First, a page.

Windows Store apps: app file storage

All Windows Runtime I/O calls are asynchronous and require the use of the await keyword for Windows Store apps. These calls return a generic Task class that, when awaited, suspends the method's progress and sends control back to the caller. This reduces the complexity around writing callback handlers for transferring app state from handlers to the app's main logic. Following is a code snippet example showing this in practice.


StorageFolder lf = ApplicationData.Current.LocalFolder;
String data = "<data>...</data>";
StorageFile dataFile =
    await lf.CreateFileAsync("testdata.txt", CreateCollisionOption.ReplaceExisting);
if (dataFile!=null)
    await FileIO.WriteTextAsync(dataFile, data);


In Windows Store apps, the user's Downloads folder is partitioned for each app by the package family (which is specified in each app's manifest). In Android, the Downloads folder is a well-known folder that can be read from, and written to, all Android apps with a single WRITE_EXTERNAL_STORAGE permission.

The following code snippet example accesses the Downloads folder from a Windows Store app.


StorageFile dataFile = await Windows.Storage.DownloadsFolder.CreateFileAsync("dataFile.txt");
await FileIO.WriteTextAsync(dataFile, "sample data");


Top

External file I/O

Apps can read from, and write to, well-known shared folders containing files such as documents, music, pictures, and videos.

Android apps: external file storage

Apps can access external file storage locations for downloads, videos, music, and pictures by calling the Activity.getExternalFilesDir method with the relevant string constant as an argument from the android.os.Enviroment class. For example, getExternalFilesDir(Environment.DIRECTORY_PICTURES) gets a reference to the pictures directory to work with files by using java.io. As of the date that this article was published, all directories in external storage are accessible to all apps for reading and writing after the WRITE_EXTERNAL_STORAGE permission is specified in an app's manifest.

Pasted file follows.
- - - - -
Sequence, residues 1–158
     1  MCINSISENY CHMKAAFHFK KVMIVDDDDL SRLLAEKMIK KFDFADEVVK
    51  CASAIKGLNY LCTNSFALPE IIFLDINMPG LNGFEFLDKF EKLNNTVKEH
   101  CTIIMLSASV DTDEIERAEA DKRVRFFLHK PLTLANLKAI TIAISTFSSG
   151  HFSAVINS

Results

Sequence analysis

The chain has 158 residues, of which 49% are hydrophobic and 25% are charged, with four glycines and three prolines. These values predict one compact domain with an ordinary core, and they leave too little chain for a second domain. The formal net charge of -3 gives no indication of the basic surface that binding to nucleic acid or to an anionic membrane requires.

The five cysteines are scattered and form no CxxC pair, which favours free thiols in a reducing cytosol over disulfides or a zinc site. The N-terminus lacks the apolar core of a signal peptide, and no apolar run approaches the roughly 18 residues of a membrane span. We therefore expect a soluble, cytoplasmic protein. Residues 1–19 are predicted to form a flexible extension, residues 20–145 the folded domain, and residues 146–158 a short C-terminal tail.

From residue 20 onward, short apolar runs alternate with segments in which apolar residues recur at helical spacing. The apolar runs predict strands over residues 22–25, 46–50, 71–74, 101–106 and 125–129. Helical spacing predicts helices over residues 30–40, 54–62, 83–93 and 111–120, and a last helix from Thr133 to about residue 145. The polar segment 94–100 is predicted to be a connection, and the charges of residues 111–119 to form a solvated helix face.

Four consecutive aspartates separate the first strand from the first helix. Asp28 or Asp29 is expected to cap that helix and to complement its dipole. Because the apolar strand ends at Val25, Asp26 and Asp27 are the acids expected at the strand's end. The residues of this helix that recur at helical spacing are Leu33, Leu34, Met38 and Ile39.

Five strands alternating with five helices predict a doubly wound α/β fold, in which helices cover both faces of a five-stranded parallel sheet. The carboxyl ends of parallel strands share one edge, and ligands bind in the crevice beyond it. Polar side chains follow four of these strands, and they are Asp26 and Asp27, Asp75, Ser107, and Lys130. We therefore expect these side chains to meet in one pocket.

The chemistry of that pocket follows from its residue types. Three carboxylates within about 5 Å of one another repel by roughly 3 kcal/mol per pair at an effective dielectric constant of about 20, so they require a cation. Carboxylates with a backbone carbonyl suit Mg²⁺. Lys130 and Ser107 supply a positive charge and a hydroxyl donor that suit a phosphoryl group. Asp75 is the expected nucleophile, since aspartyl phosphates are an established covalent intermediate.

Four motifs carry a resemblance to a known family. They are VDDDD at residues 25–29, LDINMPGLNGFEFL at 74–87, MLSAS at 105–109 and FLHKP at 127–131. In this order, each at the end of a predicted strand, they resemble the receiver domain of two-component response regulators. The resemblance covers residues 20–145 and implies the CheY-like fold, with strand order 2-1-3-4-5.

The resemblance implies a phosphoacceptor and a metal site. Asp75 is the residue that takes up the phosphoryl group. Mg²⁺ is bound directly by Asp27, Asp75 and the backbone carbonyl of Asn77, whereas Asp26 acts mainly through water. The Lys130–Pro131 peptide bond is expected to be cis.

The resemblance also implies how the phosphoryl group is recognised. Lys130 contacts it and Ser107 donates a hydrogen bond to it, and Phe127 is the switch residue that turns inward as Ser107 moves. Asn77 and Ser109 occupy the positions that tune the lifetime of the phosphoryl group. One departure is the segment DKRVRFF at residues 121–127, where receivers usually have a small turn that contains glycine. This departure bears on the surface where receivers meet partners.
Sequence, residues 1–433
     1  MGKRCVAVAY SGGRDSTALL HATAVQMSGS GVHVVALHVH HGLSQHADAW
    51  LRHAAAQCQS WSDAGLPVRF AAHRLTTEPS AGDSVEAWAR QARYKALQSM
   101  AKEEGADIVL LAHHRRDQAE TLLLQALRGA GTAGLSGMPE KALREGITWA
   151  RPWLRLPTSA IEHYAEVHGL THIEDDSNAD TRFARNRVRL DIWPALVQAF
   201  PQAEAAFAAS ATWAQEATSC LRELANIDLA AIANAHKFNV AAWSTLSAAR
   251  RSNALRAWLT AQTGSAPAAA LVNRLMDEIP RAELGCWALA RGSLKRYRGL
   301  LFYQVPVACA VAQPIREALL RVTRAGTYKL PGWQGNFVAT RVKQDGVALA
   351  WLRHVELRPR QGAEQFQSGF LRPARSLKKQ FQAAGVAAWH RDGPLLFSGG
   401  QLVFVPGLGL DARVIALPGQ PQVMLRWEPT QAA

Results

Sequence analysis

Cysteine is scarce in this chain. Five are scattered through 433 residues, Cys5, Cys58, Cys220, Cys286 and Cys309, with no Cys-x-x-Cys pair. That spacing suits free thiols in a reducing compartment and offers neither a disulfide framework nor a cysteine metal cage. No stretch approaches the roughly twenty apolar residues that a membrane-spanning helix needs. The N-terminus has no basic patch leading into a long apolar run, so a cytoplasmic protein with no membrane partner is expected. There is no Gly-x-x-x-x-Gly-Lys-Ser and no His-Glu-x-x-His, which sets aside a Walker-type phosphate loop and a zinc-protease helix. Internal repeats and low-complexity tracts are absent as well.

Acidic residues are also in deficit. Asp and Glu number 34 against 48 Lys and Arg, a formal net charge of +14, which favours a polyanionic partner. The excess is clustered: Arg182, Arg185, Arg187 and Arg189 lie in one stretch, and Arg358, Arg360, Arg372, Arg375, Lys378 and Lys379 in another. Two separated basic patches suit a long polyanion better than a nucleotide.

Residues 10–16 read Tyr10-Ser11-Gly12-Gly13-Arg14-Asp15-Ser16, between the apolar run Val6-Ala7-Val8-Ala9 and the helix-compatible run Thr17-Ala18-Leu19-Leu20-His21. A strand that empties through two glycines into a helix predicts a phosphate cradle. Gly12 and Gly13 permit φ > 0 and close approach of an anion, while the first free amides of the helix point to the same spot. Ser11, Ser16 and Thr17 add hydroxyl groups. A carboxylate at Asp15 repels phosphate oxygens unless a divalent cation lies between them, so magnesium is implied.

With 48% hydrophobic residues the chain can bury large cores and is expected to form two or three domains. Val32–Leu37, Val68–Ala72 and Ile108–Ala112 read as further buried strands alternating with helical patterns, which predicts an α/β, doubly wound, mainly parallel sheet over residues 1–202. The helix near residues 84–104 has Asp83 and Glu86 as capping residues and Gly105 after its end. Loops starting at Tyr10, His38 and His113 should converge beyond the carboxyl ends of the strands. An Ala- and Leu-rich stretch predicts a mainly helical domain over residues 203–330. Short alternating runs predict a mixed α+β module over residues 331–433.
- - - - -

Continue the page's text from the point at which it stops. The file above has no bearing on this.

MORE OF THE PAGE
Here's a code snippet example that shows how a file can be created in an external storage location.


String data = "<data>...</data>";
String dir = getExternalFilesDir(null);
File dataFile = new File(dir, "datafile.txt");
OutputStream stream = new FileOutputStream(dataFile);
stream.write(data.getBytes());
stream.close();

Here's an Android code snippet example for accessing the pictures directory.


String dir = getExternalFilesDir(Environment.DIRECTORY_PICTURES);
File photo = new File(dir, "SeattleSkyLine.png");


Windows Store apps: external file storage

The Windows Runtime enables apps to do file I/O against well-known folders like Documents, Music, Pictures, and Videos. Apps need to declare their folder access needs in their manifest for each of these well-known folders through the <capabilities> tag with one <capabiltity> tag for each target folder. Windows Store apps can only access these well-known folders and the private directories discussed previously. Well-known folders are accessed through the KnownFolders class. The Windows Runtime allows richer access to these well-known folders compared to the single-permission access model for Android. Also, all well-known folders in Windows 8 are user-specific. In Android there is no notion of a current user, so all well-known folders are shared across the system.